Stories

The Power Of Parks

By Hannah Monroe | Jan 3 2014

Parks are more than just pretty green natural spaces. They serve many purposes beyond what we often see when we play or enjoy a nice picnic in them! It’s very important to remember the profound effects of parks on an urban community when discussing future growth or neighborhood revitalization.

According to The American Planning Organization briefing papers about the ways cities use parks, parks are used for:

hemisfair public meeting

Citizens discuss awesome park qualities at a Hemisfair Public Meeting.

Community Revitalization: Parks can be places for exercise, relaxation, and meeting that can revive commercial areas. Additionally, when residents and the city work together on a park project they can transform distressed neighborhoods. Sound familiar? Remember how San Antonio’s Hemisfair Park brought the public together to talk about revitalization, and is in the process of transforming downtown?

Community Engagement: Parks build a sense of community and improve quality of life by providing a place for people to interact. By supplying a shared vision, parks also increase interaction for a diverse group of people to work together. Don’t believe me? Check out something on the SA parks and recreation events calendar and see for yourself!

Economic Development: Parks support economic development by increasing property values and municipal revenues. They also attract people to live, work, and play nearby.

greenway trails

Network of parks and green spaces in San Antonio.

Creating Safer Neighborhoods: Public spaces where neighbors gather can provide social ties that produce stronger communities and safer neighborhoods. Landscaped areas are less prone to crime than barren, vacant lots. There’s a lot of data to back this one up; check out these articles: “Greening vacant lots to reduce violent crime: a randomised controlled trial,” and “Greening Vacant Lots Linked to Reduced Gun Violence.”

Forming Green Infrastructure: Parks also serve as environmental protectors of biodiversity, and can decrease public cost by supporting storm water management and flood control.  When planned as a part of a greenway system, parks can serve as a buffer for incompatible land uses (like factories and residential areas), making areas more usable for pedestrians and cyclists. A network of parks is often more beneficial than isolated park space. Take a look at this network of parks in San Antonio!

Helping Children Learn: Parks provide an environment of direct experiences with nature that can motivate children to learn about the world while also taking part in physical activity. By supplying an informal learning experience through playing, parks can form an effective foundation for formal education. Therefore, city parks can provide a resource for closing the educational achievement gap in communities.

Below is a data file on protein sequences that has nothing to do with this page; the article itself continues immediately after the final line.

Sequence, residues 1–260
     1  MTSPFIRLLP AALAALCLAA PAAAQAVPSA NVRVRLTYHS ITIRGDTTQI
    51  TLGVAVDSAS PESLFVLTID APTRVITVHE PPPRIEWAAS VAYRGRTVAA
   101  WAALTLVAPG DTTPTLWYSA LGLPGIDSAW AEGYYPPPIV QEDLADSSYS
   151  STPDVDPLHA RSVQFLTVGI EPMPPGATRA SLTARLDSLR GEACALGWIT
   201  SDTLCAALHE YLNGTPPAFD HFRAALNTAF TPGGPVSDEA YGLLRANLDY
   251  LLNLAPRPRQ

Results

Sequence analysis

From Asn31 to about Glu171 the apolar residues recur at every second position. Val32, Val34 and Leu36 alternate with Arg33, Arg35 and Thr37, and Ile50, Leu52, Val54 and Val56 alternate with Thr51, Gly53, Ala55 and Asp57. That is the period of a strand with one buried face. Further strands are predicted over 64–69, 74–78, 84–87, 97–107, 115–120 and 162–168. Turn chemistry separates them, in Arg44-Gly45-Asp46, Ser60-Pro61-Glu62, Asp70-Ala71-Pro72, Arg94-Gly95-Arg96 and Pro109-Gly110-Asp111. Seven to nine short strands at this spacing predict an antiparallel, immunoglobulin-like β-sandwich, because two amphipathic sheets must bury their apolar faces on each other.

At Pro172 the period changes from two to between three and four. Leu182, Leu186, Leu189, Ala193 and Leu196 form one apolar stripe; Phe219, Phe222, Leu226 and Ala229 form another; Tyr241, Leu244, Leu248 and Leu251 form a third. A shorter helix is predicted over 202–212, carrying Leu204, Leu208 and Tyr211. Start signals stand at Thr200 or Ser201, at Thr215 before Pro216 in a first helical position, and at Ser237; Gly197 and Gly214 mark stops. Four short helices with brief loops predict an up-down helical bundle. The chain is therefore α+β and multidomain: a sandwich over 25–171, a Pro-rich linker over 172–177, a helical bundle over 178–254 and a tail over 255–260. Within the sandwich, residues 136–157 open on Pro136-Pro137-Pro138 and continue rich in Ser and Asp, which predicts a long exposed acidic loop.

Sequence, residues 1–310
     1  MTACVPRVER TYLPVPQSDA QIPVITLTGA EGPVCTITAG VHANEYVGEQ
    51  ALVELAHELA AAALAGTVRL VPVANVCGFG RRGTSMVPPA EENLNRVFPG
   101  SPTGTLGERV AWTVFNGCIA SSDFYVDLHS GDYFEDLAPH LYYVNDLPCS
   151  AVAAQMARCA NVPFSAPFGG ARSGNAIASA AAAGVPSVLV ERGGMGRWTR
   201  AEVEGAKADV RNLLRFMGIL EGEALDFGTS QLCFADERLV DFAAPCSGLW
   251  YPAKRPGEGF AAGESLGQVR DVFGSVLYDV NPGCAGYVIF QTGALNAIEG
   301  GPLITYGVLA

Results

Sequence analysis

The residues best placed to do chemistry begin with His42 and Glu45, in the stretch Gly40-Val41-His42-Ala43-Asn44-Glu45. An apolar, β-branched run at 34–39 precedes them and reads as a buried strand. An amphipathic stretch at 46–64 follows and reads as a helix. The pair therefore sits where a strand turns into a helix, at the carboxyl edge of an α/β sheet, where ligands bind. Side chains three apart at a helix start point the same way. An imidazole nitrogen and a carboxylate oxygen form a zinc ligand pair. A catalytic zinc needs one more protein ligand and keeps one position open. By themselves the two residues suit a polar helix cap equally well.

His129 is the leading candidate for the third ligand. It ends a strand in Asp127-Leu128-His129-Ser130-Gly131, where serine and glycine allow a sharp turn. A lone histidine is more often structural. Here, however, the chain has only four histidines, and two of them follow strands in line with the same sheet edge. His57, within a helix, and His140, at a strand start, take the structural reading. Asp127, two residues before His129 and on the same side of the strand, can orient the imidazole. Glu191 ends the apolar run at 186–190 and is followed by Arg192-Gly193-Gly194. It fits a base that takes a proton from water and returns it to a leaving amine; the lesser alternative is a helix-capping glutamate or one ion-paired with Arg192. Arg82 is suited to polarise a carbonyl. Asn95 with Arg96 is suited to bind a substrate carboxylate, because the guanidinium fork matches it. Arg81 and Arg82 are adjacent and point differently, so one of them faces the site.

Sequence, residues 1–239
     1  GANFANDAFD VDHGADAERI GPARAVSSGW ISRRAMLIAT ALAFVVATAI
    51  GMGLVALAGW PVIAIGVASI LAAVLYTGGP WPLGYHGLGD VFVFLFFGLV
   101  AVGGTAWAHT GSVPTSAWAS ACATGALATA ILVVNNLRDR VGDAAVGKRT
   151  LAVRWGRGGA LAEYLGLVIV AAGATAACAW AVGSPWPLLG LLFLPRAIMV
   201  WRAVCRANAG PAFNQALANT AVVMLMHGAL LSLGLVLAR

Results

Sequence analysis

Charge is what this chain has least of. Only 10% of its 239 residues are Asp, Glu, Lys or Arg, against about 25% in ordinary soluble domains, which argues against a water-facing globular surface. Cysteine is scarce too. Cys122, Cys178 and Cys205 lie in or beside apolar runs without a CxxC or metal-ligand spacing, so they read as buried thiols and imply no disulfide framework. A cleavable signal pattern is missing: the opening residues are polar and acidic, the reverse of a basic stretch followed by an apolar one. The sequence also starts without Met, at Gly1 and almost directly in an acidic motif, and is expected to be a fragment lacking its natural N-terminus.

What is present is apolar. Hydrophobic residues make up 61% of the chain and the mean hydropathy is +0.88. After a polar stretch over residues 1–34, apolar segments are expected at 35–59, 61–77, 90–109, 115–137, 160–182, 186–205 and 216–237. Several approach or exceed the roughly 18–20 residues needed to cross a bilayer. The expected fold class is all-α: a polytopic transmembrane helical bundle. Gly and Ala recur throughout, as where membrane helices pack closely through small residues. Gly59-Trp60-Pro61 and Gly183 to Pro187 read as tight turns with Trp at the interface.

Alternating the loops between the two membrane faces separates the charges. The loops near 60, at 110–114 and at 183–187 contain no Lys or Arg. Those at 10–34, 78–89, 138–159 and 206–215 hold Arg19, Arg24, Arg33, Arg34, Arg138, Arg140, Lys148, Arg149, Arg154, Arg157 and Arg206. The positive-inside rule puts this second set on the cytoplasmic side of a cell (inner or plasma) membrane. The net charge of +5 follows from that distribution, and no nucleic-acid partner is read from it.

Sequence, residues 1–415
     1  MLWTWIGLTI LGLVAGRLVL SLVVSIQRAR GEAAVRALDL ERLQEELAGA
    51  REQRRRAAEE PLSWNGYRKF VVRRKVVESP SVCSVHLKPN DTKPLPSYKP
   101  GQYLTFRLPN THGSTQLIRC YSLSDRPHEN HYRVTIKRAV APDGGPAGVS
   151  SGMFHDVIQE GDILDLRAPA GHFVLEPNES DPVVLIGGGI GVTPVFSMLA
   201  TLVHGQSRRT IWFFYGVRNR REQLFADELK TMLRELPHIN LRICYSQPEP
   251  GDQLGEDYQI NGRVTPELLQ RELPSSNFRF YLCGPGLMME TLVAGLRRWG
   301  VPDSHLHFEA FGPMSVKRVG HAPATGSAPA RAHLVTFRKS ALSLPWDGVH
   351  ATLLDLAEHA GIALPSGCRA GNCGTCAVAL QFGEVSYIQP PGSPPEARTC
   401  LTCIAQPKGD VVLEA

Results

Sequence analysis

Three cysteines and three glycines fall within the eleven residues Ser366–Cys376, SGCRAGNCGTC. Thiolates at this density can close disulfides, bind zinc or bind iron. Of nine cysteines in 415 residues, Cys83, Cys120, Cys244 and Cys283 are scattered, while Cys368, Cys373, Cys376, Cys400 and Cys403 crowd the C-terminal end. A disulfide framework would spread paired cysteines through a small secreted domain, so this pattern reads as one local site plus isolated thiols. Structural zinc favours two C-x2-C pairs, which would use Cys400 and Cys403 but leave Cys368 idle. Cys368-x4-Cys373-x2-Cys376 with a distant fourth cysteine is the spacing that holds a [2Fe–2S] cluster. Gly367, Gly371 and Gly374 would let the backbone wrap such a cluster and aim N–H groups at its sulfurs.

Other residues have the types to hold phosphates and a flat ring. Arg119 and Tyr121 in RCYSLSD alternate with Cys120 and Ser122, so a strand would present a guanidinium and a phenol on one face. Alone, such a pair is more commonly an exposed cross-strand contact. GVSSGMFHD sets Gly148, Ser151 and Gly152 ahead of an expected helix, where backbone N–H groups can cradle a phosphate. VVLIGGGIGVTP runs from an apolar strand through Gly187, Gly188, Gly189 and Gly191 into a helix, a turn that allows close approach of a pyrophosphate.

Benefiting Public Health: Parks provide opportunities for physical activity that reduce obesity and allow people to be in contact with nature. Additionally, parks can lessen pollution impacts on public health. Additionally, cities need to make sure they provide different types of parks that provide benefits to all citizen groups. San Antonio has a Fitness in the Park program for just this specific reason!

Arts and Culture ProgramsParks can be used for artistic events and activities that promote partnerships between artists and communities. Arts can also act as a key part of revitalizing a park. The collaboration between parks and artists can also help arts organizations attract new audiences and provide rehearsal and performance space.

Supporting Smart Growth: Parks help enhance mixed-use development and provide green spaces in high-density settings. Green space strengthens the urban core, but can also serve a purpose in the outskirts of the city by protecting from overdevelopment.

Managing Climate Change: Parks are the best line of defense agains urban climate issues. Although cities often have artificially higher temperatures due to the urban heat island effect, parks can counteract that effect through shading. Parks also separate carbon and other pollutants out of the atmosphere than can otherwise alter the environment of a city.

The Final Say

Needless to say, parks serve a wide range of purposes and can positively benefit the communities into which they are intentionally incorporated.

Due to the important functions of parks, SA2020 includes indicators that track acreage and access to parks and green spaces.

Is there a park near you that you wish could have this impact on your neighborhood? Advocate for your community, your neighborhood, and your parks together!

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Hannah Monroe

Hannah Monroe is a recent Trinity University graduate (2013) with a B.A. in Urban Studies: Public Policy and Issues and minors in Economics, Spanish, and Sociology. She finished her Trinity University Mellon Community Fellow with the SA2020 Neighborhoods and Growth Management cause area and is now working as the SA2020 Neighborhoods Liaison at SAHA and interning at the First Presbyterian Church on a University and Young Adults summer fellowship. In her free time she enjoys kickin' it old school while swing dancing and playing music on her record player.

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